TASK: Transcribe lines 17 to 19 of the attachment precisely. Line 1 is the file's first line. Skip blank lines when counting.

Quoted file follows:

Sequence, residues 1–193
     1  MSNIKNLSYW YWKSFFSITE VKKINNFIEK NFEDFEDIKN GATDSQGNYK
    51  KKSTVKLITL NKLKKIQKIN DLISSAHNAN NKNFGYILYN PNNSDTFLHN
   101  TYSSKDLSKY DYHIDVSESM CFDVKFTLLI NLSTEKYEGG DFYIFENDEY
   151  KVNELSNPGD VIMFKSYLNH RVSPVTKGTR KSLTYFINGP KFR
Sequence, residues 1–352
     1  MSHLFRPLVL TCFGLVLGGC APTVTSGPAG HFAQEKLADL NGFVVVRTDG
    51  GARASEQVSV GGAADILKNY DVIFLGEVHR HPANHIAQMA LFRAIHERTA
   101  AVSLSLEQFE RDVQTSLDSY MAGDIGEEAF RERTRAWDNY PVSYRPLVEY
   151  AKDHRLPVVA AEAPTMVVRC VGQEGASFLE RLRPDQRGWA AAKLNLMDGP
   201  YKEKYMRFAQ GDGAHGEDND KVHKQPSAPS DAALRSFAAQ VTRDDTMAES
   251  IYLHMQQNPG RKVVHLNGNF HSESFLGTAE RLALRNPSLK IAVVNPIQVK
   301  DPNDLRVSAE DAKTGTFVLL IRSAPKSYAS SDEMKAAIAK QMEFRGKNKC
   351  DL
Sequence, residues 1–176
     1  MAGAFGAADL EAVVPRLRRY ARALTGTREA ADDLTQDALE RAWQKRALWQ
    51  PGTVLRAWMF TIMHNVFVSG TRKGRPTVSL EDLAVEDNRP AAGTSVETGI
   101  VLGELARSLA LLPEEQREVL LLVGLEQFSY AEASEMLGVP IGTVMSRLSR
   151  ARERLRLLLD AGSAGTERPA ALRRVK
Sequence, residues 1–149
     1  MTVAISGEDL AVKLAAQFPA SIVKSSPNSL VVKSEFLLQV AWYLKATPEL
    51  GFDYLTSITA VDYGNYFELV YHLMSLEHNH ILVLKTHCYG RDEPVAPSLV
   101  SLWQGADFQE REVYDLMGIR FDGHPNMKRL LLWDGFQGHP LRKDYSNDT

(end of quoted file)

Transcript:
    51  PGTVLRAWMF TIMHNVFVSG TRKGRPTVSL EDLAVEDNRP AAGTSVETGI
   101  VLGELARSLA LLPEEQREVL LLVGLEQFSY AEASEMLGVP IGTVMSRLSR
   151  ARERLRLLLD AGSAGTERPA ALRRVK